*Update – A Test to Release scheme is now in place that could reduce the time to 5 days on the basis that another test is paid for and a negative result is received again. However as if to demonstrate how volatile the situation is, in the hours since I wrote this article the UK announced that all travel corridors are closed until at least February 15th.
When will the night time economy start to recover? J D Wetherspoon PLC
Although it’s not necessarily a mecca for millennials, Wetherspoon is the largest UK pub chain and should provide a fair bellwether of our appetite for alcohol outside the home in coming months. Its shares fell 30% during 2020 and that performance was quite strong compared to other pub stocks. Though the first lockdown in particular was catastrophic for the business and a funding was needed from the Government’s Coronavirus Business Interruption Scheme. This partly explains this underperformance compared to the average 25% fall for other Travel & Leisure firms in the FTSE 350 Index.
The hospitality industry has been left on its knees by the virus. Suffering as much as any other sector during the 3 lockdowns, despite investing in making premises “Covid Secure.” However, the data above regarding consumer spending power is just as relevant here. People are desperate to get out and meet up with friends and loved ones. 2021 could see an outpouring of emotions as the restrictions lift. Though the Prime Minister has already stated that the measures will be removed gradually rather than in one large swoop. The hope of a return to would explain why the company’s valuation hasn’t fallen through the floor.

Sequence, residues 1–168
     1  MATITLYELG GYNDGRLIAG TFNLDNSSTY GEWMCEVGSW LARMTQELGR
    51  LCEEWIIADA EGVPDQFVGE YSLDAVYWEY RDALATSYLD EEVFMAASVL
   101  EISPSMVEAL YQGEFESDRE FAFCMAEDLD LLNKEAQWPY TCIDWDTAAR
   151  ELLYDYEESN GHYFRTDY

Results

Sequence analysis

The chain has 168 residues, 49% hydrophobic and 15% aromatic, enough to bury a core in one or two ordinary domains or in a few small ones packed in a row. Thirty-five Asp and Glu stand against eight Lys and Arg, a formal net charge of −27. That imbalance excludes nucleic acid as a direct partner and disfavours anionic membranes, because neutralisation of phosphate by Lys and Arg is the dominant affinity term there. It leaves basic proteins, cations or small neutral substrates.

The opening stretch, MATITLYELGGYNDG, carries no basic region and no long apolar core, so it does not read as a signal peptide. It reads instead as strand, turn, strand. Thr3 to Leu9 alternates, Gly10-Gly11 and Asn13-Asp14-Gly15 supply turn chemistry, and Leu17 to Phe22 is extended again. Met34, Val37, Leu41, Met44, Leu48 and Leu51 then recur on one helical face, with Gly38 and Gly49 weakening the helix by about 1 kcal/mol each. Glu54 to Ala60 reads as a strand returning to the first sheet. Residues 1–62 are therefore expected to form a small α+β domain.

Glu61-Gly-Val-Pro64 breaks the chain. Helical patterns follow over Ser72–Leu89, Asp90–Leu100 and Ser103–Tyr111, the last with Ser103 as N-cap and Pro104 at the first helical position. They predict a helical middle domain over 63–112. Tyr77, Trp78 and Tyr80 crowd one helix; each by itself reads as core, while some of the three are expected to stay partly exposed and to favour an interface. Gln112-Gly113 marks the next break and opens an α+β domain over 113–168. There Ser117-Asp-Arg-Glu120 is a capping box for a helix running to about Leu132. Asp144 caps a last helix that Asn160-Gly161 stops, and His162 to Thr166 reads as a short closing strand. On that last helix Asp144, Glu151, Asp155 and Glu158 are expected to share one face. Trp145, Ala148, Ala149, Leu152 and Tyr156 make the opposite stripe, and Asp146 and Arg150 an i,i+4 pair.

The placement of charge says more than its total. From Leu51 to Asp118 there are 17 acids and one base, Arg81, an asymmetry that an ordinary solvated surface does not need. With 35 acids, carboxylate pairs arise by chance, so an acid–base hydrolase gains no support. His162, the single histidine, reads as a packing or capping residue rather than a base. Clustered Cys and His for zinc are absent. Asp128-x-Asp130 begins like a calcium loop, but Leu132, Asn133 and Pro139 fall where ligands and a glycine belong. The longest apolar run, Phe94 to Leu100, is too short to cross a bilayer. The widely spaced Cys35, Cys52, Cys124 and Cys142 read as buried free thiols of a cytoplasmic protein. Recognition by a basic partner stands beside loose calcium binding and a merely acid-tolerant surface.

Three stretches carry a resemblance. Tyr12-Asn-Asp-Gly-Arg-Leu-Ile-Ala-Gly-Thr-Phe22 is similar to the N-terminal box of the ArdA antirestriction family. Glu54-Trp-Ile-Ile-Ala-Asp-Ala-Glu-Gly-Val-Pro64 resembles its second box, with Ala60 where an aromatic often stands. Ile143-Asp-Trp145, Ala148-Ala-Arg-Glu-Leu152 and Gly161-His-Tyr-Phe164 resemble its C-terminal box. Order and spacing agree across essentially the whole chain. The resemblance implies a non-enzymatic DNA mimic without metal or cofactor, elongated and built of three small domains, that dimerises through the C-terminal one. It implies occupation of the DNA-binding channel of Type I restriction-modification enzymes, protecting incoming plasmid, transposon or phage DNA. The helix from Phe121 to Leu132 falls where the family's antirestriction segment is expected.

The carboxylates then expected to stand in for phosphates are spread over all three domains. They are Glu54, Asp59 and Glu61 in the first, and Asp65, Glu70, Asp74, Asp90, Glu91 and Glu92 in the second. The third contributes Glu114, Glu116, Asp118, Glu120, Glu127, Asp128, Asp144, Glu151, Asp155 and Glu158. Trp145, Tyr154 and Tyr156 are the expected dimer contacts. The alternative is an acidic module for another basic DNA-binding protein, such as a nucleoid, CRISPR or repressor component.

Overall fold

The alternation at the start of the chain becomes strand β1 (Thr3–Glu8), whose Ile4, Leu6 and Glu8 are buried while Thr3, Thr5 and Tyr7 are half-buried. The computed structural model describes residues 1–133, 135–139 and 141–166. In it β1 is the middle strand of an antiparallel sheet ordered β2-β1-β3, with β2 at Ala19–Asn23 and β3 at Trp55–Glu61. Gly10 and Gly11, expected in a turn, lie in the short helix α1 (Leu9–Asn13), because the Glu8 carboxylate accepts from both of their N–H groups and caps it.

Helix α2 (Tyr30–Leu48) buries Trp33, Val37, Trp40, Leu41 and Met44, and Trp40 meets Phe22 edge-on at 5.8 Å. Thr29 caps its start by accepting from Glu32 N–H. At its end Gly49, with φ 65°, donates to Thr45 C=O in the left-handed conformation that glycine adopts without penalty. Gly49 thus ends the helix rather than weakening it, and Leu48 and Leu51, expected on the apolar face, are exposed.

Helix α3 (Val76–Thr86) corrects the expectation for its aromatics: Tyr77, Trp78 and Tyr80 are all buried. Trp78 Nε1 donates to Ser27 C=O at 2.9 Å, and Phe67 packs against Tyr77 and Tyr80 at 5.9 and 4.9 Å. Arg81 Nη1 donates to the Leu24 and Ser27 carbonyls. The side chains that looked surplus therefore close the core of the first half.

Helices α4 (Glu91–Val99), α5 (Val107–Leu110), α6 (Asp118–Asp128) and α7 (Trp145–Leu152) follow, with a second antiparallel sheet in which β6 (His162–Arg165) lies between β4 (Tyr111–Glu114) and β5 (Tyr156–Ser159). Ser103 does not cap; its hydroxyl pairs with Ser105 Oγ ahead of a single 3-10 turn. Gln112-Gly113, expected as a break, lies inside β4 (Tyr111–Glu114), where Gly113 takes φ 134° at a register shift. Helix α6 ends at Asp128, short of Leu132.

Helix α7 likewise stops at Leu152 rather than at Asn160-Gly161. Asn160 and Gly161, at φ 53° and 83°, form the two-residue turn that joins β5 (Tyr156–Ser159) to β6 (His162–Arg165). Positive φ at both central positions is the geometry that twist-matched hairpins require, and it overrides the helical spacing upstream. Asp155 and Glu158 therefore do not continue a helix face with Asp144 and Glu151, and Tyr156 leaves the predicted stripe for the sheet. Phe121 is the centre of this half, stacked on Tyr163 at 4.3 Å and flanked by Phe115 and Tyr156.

Will workers ever head back to their offices? IWG PLC
You must have heard the news that remote working, as a result of the Covid Crisis, is going to prove the death knell of the office! The world (and the UK’s) largest serviced office operator IWG, formerly Regus lost 75% of its value when the first lockdown struck. But a large number of investors must be tired of their own four walls as its subsequently reduced the deficit to 19%.
IWG has 306 office centres in the UK. Its CEO and founder Mark Dixon is bullish about the future despite a big change in the nature of demand. He believes, “We are going to see a huge number of start-ups in the UK and they will adopt a flexible way of working. We can see the number of new companies created is going up already as people are made redundant and are being forced to take a chance.”
He predicts that city centre offices may well shrink as more companies move into towns closer to their workers homes. Yet he feels many corporates still want larger spaces that enable them to deliver their “identity” and “people to congregate.”
As keen as individuals are for more flexibility in their work life balance, I for one believe that most workers in desk based jobs will still want or even need to visit an office on a regular basis. As nice as it is to avoid the commute a few days a week, the increased ability to collaborate and the benefit of social interaction for mental well-being has been much under estimated in the clamour to write off the office. IWG’s share price appears to back up that opinion. Hopefully it results in footfall on the streets and people needing to get around cities in taxis and private hire vehicles sooner rather than later.
There are of course specific factors affecting individual company’s share prices. How robustly they’ve performed and how likely they are to flourish in 2021 is not solely dependent on matters relating to the pandemic. That said we hope that the above snapshot analysis proves that it’s not necessarily doomsday in some key areas for the trade. Fingers crossed we might have provided a glimmer of optimism and a shaft of light in amongst these otherwise pretty dark times. Please take care and try to stay safe.